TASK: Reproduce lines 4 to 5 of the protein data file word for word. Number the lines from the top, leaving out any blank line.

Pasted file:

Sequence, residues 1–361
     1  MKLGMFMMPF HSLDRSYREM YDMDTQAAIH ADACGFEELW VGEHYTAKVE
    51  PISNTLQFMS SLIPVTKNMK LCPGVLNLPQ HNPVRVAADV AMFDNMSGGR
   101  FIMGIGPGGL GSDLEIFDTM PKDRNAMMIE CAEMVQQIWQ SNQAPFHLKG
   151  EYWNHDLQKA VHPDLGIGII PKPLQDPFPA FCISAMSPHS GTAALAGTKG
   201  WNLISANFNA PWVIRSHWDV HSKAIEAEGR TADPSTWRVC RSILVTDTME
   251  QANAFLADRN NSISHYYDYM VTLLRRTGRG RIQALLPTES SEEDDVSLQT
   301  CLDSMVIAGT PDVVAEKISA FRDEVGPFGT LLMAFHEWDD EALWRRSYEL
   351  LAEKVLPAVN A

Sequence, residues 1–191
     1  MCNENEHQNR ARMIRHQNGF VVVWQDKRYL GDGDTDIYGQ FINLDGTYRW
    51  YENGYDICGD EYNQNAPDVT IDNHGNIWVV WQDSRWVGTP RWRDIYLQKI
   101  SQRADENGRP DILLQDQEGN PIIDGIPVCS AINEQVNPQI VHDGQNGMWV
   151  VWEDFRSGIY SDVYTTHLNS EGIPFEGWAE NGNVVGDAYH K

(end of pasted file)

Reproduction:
   101  FIMGIGPGGL GSDLEIFDTM PKDRNAMMIE CAEMVQQIWQ SNQAPFHLKG
   151  EYWNHDLQKA VHPDLGIGII PKPLQDPFPA FCISAMSPHS GTAALAGTKG